Drama Mamas: The combustible combination of minors and romance

Drama Mamas Lisa Poisso and Robin Torres are experienced gamers and real-life mamas -- and just as we don't want our precious babies to be the ones kicking and wailing on the floor of the checkout lane next to the candy, neither do we want you to become known as That Guy on your realm.

This week, we tackle a topic that I find rather scary, as a mother of a budding drama queen and gaming geek.

Hi,

This may be way beyond the kind of thing you can help with but my guild has recently suffered a few bits of drama that have revealed a worrying situation and I'm having a hard time working out what to do next.

About a month ago a young girl (mid teens) joined the guild, we don't have a specific age range although as a casual end game guild we expect a certain level of maturity. She didn't interact much with the guild although one guy who helped her out a bit she really latched onto. She wouldn't run heroics unless he was there and they often moved into different vent channels to be alone. After a couple of weeks we had to kick her from the guild as she simply couldn't take criticism. It also turned out that she had recently been pulled out of school due to depression although some of the higher level officers in the guild were speculating on if that was genuine or was an excuse.

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Filed under: Analysis / Opinion, Drama Mamas

WoW, Casually: Playing WoW with your teen

Robin Torres writes WoW, Casually for the player with limited playtime. Of course, you people with lots of playtime can read this too, but you may get annoyed by the fact that we are unashamed, even proud, of the fact that beating WoW isn't our highest priority. Take solace in the fact that your gear is better than ours, but if that doesn't work, remember that we outnumber you. Not that that's a threat, after all, we don't have time to do anything about it. But if WoW were a democracy, we'd win.

Last year, I talked about playing with preschoolers and reading-age children. Several months later, I'd like to continue the series by tackling the topic of teens. I'm now tempted to talk in tantalizing alliteration, but I really can't keep it up. Anyway...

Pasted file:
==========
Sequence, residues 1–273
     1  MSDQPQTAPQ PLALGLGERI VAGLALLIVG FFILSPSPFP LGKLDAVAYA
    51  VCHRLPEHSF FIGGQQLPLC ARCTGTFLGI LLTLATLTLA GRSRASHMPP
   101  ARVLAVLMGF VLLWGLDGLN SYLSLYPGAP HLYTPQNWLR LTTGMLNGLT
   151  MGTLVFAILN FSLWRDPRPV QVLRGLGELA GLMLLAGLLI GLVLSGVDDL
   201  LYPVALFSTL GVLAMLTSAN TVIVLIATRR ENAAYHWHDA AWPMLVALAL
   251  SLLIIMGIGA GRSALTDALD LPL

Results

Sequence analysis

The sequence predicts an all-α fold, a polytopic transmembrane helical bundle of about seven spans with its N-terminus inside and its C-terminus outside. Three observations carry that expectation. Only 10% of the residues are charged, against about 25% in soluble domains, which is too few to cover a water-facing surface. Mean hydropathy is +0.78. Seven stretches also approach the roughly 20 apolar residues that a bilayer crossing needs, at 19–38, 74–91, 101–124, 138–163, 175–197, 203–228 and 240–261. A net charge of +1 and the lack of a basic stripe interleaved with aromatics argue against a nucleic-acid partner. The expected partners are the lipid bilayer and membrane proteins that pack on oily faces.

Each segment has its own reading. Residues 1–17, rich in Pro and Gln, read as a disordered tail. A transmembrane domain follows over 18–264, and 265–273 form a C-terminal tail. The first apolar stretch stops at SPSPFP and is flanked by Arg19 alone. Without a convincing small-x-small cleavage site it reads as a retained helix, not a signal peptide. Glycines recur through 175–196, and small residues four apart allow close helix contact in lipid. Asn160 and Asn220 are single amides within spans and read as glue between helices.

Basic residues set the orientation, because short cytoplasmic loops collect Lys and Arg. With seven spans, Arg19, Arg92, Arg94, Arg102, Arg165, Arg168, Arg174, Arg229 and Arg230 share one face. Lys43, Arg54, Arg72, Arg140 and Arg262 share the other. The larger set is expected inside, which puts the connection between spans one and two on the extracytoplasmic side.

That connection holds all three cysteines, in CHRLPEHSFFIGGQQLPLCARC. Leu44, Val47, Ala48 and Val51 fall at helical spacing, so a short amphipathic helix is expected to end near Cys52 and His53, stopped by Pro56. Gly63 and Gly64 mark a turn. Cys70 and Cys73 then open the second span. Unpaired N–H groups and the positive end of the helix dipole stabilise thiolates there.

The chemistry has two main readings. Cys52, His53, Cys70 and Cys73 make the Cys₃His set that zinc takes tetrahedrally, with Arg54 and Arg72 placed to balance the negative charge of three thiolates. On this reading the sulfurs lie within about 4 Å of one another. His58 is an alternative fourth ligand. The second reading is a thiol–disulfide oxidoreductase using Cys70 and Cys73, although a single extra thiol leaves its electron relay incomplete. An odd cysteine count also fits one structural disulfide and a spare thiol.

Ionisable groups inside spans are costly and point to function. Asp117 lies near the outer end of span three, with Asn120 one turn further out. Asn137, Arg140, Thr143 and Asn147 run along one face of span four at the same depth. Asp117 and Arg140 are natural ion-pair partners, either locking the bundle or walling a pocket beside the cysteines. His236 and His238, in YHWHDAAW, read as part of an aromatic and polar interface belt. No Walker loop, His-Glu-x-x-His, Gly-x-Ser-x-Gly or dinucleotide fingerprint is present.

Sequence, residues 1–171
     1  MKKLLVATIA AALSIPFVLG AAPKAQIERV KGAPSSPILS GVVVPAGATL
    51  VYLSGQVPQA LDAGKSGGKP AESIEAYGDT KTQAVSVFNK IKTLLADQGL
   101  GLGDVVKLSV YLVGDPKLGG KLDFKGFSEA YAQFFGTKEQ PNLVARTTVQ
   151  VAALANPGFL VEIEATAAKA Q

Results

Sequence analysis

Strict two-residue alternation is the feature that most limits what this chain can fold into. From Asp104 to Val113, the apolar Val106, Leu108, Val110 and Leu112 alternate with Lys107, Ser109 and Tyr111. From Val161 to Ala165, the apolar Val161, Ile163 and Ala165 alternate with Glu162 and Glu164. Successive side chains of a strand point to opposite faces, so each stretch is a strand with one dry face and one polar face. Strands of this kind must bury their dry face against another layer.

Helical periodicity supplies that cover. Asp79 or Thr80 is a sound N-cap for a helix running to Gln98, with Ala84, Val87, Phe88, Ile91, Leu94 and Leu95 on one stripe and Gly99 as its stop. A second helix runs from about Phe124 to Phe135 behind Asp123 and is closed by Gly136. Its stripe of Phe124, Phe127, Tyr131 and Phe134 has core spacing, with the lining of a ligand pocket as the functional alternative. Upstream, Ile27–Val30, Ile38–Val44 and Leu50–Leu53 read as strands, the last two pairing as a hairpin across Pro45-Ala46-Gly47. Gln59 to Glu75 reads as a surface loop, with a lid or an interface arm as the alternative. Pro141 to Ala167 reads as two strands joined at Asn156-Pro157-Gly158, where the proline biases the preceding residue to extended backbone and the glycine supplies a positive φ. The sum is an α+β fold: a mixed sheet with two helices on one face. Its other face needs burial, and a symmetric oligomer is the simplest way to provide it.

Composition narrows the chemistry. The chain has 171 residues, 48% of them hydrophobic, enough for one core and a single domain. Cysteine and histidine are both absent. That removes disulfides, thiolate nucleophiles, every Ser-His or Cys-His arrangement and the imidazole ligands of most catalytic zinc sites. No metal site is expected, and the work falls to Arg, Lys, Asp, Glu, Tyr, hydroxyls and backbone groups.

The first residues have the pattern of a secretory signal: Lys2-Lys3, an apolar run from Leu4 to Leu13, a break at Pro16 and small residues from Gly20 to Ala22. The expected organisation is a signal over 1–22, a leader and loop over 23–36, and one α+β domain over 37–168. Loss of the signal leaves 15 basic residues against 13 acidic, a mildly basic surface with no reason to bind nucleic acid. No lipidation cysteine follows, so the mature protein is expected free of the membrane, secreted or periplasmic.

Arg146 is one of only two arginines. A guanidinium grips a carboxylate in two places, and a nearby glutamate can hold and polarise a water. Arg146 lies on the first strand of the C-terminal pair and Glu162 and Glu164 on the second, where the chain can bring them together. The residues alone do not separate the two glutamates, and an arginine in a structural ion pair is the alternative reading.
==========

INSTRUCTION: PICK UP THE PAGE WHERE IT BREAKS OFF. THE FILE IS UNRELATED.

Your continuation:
Teens provide a completely different challenge than the young children we've discussed before. Teens are already extremely competent readers, experience Trade Chat-like talk in school on a regular basis and have the coordination skills required to fully play the game. So they don't need the coddling and constant supervision, but that doesn't mean that the benefits of parents playing with teens aren't just as valuable.

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Filed under: Analysis / Opinion, WoW, Casually

Drama Mamas: My GM is a succubus


Dodge the drama and become that player everyone wants in their group with the Drama Mamas. Lisa Poisso and Robin Torres are real-life mamas and experienced WoW players -- and just as we don't want our precious babies to be the ones kicking and wailing on the floor of checkout lane next to the candy, neither do we want you to become known as That Guy on your server. We're taking your questions at DramaMamas (at) WoW (dot) com.

We know, we know: A hot, fresh Succubus managing your every need - in game, in Vent, on the forums ... How's this a problem, again? Unfortunately, we suspect the reader who submitted the headline question this week was thinking of the more traditional type of succubus: the life force-sucking vampires who impose a real-life Curse of Exhaustion on their hapless victims. Yeah, this guy from this week's headline sub-mission (har, har) has got it that bad. The Drama Mamas exorcise his demon, plus explore what to do when you catch a young guildmate indulging in some not-so-pretty behavior, after the break.

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Filed under: Analysis / Opinion, Tips, WoW Social Conventions, Virtual selves, Features, Drama Mamas

Drama Mamas: Let the drama begin!

Let the Drama Mamas guide you through the sticky business of dodging drama, toward becoming that player everyone wants in their group. Drama Mamas Lisa Poisso and Robin Torres are taking your questions at DramaMamas (at) WoW (dot) com.

Getting your own 15 Minutes of Fame is not a bad thing – except when it's for all the wrong reasons. Leave the drama, Dear Reader, to the denizens of GuildWatch. Introducing WoW.com's Drama Mamas, here to help you stay out of the wrong kind of spotlight. Drama Mamas Lisa Poisso and Robin Torres are real-life mamas and experienced WoW players. And just as we don't want our precious babies to be the ones kicking and wailing on the floor of checkout lane next to the candy, neither do we want you to become known as That Guy on your server.

What to do, what to say? Let the Drama Mamas guide you:
  • The polite way to share quest monsters
  • When someone "accidentally" ninjas your loot
  • When you accidentally ninja someone else's loot
  • Handling the (nice but annoying) pest
  • When your friend's significant other is an awful player